December 21, 2020

I’ve long experienced Christmas as a poignant, nostalgic time, a time of joy as well as a time of longing. Perhaps I was set-up by the notion that Christmas was supposed to be magical. However, magic doesn’t last forever. The day was over too fast, like the dinner that took hours to prepare and minutes to devour.  Songs like “I’ll Be Home for Christmas” and “I’m Dreaming of a White Christmas” and “Mary Did You Know” best capture the feeling.

The Christmas story is poignant, full of longing, danger, loneliness and loss. When Jesus was just 40 days old, Simeon’s words to Mary, “A sword will pierce your own soul too,” no doubt pricked her heart time and again. There was no magic in the first Christmas, but plenty of mysterious presence and angels singing. I suspect that her “pondering” was full of questions, struggles, and uncertainties.

Mary had no idea when she said, “let it be with me according to your word,” what lay ahead. I had no idea what lay ahead when I planned a Blue Christmas Gathering for St. Paul’s, and a “Longest Night” service with some Woodstock colleagues for our congregations and community (link below), that my sister would die on December 2. These services, it just so happens, served me. They might serve you as well.

In this darkest time in a century, we are painfully aware that this Christmas, some tables will have empty chairs and many people will not have the resources to meet their basic needs, let alone cover gifts. And yet, in the midst of these challenges, there is a mysterious presence, God-with-us, that brings joy and peace and hope. Mary, I think, would understand a Blue Christmas/Longest Night Service, as she understood that the fullness of life is real life in all its glory and grief.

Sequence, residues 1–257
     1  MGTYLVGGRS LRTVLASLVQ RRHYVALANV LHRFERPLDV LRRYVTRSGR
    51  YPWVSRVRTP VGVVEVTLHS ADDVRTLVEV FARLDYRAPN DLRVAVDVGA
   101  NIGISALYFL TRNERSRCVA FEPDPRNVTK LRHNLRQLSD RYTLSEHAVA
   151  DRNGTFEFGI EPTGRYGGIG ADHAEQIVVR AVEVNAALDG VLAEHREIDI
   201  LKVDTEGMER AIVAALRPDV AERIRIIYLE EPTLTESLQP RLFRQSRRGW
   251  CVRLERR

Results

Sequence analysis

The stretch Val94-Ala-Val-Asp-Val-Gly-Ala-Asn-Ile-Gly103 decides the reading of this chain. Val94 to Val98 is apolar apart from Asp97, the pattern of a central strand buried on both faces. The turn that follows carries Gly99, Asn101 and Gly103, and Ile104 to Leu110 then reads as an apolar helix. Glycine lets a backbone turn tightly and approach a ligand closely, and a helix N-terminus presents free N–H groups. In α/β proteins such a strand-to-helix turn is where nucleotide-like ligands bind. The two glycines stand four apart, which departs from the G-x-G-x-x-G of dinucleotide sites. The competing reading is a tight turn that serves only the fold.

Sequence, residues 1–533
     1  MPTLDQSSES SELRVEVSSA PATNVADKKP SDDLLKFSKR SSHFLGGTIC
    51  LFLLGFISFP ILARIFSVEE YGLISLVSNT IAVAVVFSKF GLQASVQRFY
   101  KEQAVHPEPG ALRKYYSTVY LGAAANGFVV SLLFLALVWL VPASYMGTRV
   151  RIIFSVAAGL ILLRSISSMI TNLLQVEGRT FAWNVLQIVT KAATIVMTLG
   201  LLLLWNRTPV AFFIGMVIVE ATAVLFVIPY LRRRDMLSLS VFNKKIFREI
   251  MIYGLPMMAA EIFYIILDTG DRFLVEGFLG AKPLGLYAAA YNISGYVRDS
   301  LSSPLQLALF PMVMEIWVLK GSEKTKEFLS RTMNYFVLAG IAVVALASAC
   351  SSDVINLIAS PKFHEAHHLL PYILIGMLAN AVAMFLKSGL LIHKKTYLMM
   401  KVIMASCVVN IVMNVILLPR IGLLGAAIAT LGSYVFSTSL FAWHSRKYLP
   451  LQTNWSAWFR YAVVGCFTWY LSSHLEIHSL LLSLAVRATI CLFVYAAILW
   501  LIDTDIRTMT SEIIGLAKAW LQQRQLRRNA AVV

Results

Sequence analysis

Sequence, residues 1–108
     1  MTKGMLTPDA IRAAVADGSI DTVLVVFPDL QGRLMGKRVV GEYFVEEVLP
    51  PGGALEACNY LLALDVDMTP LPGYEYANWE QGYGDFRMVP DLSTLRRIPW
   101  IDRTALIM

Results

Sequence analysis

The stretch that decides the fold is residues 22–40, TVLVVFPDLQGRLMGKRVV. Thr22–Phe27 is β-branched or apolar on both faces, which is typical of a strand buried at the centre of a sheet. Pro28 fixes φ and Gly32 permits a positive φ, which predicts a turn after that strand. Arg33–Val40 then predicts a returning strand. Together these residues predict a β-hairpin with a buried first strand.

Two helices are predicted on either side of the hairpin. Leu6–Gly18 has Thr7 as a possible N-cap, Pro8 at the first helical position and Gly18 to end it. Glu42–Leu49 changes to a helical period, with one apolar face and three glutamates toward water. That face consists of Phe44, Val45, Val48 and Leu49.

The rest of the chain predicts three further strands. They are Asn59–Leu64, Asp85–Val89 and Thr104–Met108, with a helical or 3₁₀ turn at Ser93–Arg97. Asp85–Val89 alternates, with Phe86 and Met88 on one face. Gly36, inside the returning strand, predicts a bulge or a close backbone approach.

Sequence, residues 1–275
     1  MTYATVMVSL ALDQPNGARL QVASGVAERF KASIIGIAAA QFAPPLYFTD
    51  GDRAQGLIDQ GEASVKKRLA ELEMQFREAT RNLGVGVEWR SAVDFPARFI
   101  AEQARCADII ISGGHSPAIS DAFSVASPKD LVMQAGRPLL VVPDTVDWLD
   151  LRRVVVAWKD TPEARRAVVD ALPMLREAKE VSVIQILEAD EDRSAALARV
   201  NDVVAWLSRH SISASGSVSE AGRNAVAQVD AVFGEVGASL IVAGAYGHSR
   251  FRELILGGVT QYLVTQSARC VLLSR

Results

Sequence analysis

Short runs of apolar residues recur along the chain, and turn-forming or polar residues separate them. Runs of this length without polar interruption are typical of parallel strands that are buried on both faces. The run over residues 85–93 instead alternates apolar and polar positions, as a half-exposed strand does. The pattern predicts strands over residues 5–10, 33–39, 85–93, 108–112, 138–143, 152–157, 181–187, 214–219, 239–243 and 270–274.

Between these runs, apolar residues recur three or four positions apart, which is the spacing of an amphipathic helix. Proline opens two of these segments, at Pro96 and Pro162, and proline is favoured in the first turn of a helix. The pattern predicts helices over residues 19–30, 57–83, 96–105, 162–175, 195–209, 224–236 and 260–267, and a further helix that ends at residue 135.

Tonight is the longest night of the year for those of us in the Northern Hemisphere. Here in Woodstock, the sun will set at 4:56 pm and we will have 13 hours, 33 minutes of night. In the midst of that night, a stellar convergence will occur when Jupiter and Saturn will be the closest to each other since the 1600’s. Astronomers call this the Bethlehem Star.  If you check out the sky to the south west after sunset, you might see this hopeful reminder of another star that stopped over the place where Jesus lay. And then, by God’s grace, the sun will rise tomorrow morning at 7:30 am.

Peace on earth – and peace within to all people – including you and me. ~ Anne

Here is the link for the Longest Night Service:

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